They and their four children live in a tall red-brick Gothic vicarage in Berkshire known as "the house that Hitler built" because it was bought with the proceeds from Fatherland. It looks like a mini-St Pancras without the architectural icing and Harris resembles the solid Victorian entrepreneur who might have commissioned it. The lawns slope peacefully down to the Kennet and Avon canal, where men are cleaning their barges in the spring sunshine.
He thinks he is fortunate, and he is, but it is the good fortune of the self-made, self-motivated man who is very good at what he does. Being wealthy doesn't appear to have made him complacent.
"Nothing ever satisfies you. I have never written anything I think is perfect. To be a writer is a testament to optimism. You constantly hope the next one will be better."
As a novelist, he is completely his own man.
"All my life I have loathed selling my time. I am happy to work hard but I hate that feeling of clocking in and clocking out. I would go so far as to say my whole life has been a flight from that. My father had to do it and he hated it. I wasn't going to do the same."
Physically, he has been around while the children were growing up, but admits: "So much of your life takes place in your head. Often you are present but you are not really there."
Now the script for Pompeii the movie is written, Harris is eager to return to The Ghost, a contemporary novel that is expected to draw sensationally on his inside knowledge of politics. One of his great friends is Peter Mandelson and he had privileged access to Tony Blair on the 1997 election campaign trail. The "ghost" of the title is the professional ghostwriter of a prime minister coming to the end of his time in power, and though it isn't about Blair, Harris does not deny that there are parallels.
At one time he seemed a Blair enthusiast, calling him the most gifted communicator he had come across. Ten years on, is he disillusioned by Labour?
"I was never massively illusioned to start with - much to their irritation. I never wrote that Tony Blair was a genius and a wonderful thing. The only senior politician I can claim to have known really well is Peter Mandelson and the way he was treated by his friends [he was twice forced to resign] did disillusion me."
"I thought they were a pretty ruthless and unpleasant bunch. Blair has not made a bad fist out of a lot of aspects of being prime minister, except in foreign policy - but that is so colossal it blots out everything else. It's like saying Neville Chamberlain was a good prime minister - which he was - but what does it count against Munich?
"Iraq hangs over him and the wrong turning the world has taken, thanks to him and Bush, is something that will haunt the world for years to come. Still, it does seem bizarre that they should be getting rid of him and putting a less popular person in his place."
Harris is as much a loss to political reporting as he thinks Mandelson is to politics.
"How on earth could we pursue a war with Iran?" he asks.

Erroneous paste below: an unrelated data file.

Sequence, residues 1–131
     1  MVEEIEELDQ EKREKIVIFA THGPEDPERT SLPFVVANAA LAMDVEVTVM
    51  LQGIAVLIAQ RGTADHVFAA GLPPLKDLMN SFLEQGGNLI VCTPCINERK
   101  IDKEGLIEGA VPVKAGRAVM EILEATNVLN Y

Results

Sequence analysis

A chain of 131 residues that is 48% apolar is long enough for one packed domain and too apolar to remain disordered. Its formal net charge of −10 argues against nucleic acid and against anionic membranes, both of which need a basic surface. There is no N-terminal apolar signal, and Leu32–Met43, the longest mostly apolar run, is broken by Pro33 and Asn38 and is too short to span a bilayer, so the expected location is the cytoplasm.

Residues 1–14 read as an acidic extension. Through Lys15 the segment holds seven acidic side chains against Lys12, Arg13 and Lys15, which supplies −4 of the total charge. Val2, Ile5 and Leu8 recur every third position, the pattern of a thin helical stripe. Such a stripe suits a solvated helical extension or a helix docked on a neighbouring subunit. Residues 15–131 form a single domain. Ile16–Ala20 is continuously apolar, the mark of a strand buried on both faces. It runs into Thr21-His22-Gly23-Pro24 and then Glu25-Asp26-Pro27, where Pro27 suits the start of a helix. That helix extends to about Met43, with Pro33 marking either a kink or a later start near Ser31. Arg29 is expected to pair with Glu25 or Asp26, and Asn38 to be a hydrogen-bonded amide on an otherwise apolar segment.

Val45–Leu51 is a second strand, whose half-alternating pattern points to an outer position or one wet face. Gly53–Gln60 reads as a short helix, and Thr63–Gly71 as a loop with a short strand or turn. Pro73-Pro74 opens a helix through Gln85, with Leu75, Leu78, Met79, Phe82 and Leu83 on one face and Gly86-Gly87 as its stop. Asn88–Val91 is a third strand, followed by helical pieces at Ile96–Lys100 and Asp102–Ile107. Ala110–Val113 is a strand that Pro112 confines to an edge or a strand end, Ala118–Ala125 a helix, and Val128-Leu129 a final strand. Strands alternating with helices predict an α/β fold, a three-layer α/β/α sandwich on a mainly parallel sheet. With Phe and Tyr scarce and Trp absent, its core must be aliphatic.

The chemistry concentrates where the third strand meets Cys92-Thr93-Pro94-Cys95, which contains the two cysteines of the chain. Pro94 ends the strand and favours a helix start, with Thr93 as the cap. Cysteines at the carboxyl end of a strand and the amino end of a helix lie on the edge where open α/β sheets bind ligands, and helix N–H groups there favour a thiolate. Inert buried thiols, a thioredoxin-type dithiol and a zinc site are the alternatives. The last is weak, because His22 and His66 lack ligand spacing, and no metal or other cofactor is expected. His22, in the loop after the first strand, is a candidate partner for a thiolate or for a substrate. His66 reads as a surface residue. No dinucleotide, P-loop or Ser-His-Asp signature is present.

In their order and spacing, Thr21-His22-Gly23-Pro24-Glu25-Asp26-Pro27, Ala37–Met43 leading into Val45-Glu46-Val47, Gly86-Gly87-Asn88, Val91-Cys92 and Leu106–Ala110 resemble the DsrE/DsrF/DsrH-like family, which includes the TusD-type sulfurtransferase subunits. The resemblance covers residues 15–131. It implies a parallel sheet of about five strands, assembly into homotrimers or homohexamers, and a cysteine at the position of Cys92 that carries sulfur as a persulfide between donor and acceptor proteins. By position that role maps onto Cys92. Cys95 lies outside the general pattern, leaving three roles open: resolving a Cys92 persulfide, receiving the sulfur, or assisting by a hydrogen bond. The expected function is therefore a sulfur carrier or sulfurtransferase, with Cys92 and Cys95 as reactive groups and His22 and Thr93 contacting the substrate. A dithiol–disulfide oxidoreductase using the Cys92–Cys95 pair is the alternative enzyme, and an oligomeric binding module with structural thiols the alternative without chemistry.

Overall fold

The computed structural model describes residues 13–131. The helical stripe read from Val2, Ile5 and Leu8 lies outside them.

"We haven't got the ships and we haven't got the planes. Our men in southern Iraq are incredibly vulnerable, that's the great untold story. They could be cut off by the Iranians in about 36 hours and their only hope would be the Americans. There is a great deal of posturing."
The cash for honours debacle hardly bothers him because he seems to believe in a quantum theory of humanity.
"At any moment there are a given per cent of idiots and criminals - and it will never alter. I bet the proportions never shift. I really don't believe in the perfectibility of man."
If there is real disillusion, it's with his old trade. Where, he asks, was the anger when a recent report revealed that three-quarters of a million Iraqis may have died as a result of the war? Where was the publicity?
"This is more people than were killed by Saddam Hussein. At a time when you need more information, you get less."
He finds publishing equally disappointing, with ghosted celebrity memoirs clogging up the bestseller lists and books being spun from a drawerful of ideas after an author is dead. Even fiction is ghosted.
"I could name you three bestselling novelists who have ghosts. One claims to have first made the acquaintance of 'his' book on receiving it. Yet publishers look at you with astonishment if you suggest it is morally dubious."
Harris is reluctant to talk about a book in progress - he is a superstitious man - except to say that The Ghost provides a welcome holiday from ancient Rome. (His last book, Imperium, about the orator Cicero, is intended as the first part of a trilogy.)
"There is a certain satisfaction in writing about characters who don't lie down when they eat and wear togas and have complicated names. It is quite nice to get back to contemporary times."
You seldom meet a man as happy as he is about his craft. The movie industry is fun, economical, fast. But novels are the thing.
"You are director, screenwriter, actors, make-up, the whole bang shoot. There is literally nothing else I would sooner do."